The second phase saw the aircraft flying in two different versions, the B (for Basic) and E (with E for Ente which means duck, because of the canard configuration).
Flight after flight, from a stable aircraft the F-104 became an unstable platform, a goal reached shifting the neutral point and centre of gravity of the Starfighter.
The first complete mission in CCV mode was flown on Oct. 2, 1979 by the B1 model fitted with the Control Configured Vehicle software. Another variant followed the B1: the B2 with 600 kg aft and 130 kg forward ballasts.
But the first real unstable flight took place on Nov. 20, 1980 when, along with a 240 kg nose ballast, an additional F-104 elevator was mounted behind the cockpit; a version known as E1. With this variant, the neutral point was moved forward, while the E2 configuration, adding 400 kg aft ballast, shifted back the centre of gravity.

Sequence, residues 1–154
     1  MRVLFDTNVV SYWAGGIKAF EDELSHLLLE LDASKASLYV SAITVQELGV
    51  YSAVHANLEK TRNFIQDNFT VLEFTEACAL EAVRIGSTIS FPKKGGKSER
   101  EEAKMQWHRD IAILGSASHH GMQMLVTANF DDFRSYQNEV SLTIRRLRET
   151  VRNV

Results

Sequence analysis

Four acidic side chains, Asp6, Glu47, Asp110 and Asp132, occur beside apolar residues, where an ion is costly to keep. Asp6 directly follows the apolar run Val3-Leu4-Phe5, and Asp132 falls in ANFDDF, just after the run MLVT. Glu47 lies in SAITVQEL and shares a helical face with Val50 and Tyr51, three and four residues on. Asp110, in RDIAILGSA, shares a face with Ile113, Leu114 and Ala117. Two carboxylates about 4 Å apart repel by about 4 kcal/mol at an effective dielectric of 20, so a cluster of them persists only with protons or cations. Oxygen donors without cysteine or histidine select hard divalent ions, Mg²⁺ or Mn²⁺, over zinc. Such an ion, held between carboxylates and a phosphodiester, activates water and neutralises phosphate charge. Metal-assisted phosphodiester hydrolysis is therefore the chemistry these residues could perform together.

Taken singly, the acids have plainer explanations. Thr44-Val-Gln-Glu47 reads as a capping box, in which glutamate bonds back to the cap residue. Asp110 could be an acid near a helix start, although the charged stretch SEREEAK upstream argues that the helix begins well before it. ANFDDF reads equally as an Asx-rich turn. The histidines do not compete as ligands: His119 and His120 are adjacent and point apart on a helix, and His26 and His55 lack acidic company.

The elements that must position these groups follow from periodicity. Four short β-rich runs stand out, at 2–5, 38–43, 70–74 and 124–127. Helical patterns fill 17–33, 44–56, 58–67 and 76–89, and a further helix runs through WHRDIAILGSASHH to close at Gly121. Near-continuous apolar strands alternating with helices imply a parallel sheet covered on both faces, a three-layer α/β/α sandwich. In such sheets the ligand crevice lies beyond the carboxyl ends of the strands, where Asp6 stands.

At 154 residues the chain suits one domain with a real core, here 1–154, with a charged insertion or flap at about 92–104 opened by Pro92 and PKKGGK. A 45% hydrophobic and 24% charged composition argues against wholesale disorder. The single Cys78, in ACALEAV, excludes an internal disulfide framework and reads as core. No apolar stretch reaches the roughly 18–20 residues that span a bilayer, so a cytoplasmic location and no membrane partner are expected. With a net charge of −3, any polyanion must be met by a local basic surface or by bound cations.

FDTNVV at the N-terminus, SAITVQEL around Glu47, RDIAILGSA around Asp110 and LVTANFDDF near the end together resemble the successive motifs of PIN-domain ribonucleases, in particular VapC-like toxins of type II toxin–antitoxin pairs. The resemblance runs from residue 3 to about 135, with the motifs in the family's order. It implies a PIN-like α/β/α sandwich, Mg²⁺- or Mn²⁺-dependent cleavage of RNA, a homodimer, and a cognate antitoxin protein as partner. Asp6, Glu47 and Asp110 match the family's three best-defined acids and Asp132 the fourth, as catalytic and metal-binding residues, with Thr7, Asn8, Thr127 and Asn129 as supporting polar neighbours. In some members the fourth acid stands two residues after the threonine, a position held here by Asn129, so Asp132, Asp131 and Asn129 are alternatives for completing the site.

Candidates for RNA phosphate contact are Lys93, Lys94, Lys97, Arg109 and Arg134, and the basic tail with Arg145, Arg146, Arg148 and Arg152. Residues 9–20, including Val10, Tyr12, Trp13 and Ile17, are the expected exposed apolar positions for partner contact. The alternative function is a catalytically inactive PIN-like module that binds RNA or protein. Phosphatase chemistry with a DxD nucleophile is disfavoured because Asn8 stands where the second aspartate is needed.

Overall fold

At that point the F-104 was really unstable and 26 sorties were conducted between July and September 1981. All the flights were safely conducted and the nose trim weight was replaced with another 200 kg ballast, realizing the E3 configuration.
With this additional ballast the Starfighter could perform flights at 20 percent negative longitudinal stability.
The testing phase lasted about four years during those the F-104 CCV demonstrator was pivotal to the design and development of a delta-canard control system later adopted by the Eurofighter Typhoon.
Dario Leone for The Aviationist
Image credit: GAF via Key Publishing forum
I understand it’s a testbed but I’d hate to think of flying that thing in combat with the airfoil blocking the pilots view to the rear.